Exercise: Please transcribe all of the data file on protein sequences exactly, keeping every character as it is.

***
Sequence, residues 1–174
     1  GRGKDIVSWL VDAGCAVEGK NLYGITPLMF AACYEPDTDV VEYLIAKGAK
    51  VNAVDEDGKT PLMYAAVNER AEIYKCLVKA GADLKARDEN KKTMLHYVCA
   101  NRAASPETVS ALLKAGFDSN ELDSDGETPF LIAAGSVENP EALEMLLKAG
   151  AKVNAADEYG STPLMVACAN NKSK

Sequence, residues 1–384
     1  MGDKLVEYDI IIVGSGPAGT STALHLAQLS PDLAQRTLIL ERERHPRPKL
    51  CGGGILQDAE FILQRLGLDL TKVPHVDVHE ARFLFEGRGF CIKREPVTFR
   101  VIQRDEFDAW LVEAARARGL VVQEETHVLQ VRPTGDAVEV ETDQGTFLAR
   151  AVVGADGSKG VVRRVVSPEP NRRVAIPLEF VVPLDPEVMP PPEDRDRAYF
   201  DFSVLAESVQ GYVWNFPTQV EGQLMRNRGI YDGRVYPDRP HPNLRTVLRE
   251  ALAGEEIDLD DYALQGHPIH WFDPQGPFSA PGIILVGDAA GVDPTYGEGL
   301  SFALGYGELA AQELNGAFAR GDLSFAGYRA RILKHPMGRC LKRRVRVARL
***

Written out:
Sequence, residues 1–174
     1  GRGKDIVSWL VDAGCAVEGK NLYGITPLMF AACYEPDTDV VEYLIAKGAK
    51  VNAVDEDGKT PLMYAAVNER AEIYKCLVKA GADLKARDEN KKTMLHYVCA
   101  NRAASPETVS ALLKAGFDSN ELDSDGETPF LIAAGSVENP EALEMLLKAG
   151  AKVNAADEYG STPLMVACAN NKSK

Sequence, residues 1–384
     1  MGDKLVEYDI IIVGSGPAGT STALHLAQLS PDLAQRTLIL ERERHPRPKL
    51  CGGGILQDAE FILQRLGLDL TKVPHVDVHE ARFLFEGRGF CIKREPVTFR
   101  VIQRDEFDAW LVEAARARGL VVQEETHVLQ VRPTGDAVEV ETDQGTFLAR
   151  AVVGADGSKG VVRRVVSPEP NRRVAIPLEF VVPLDPEVMP PPEDRDRAYF
   201  DFSVLAESVQ GYVWNFPTQV EGQLMRNRGI YDGRVYPDRP HPNLRTVLRE
   251  ALAGEEIDLD DYALQGHPIH WFDPQGPFSA PGIILVGDAA GVDPTYGEGL
   301  SFALGYGELA AQELNGAFAR GDLSFAGYRA RILKHPMGRC LKRRVRVARL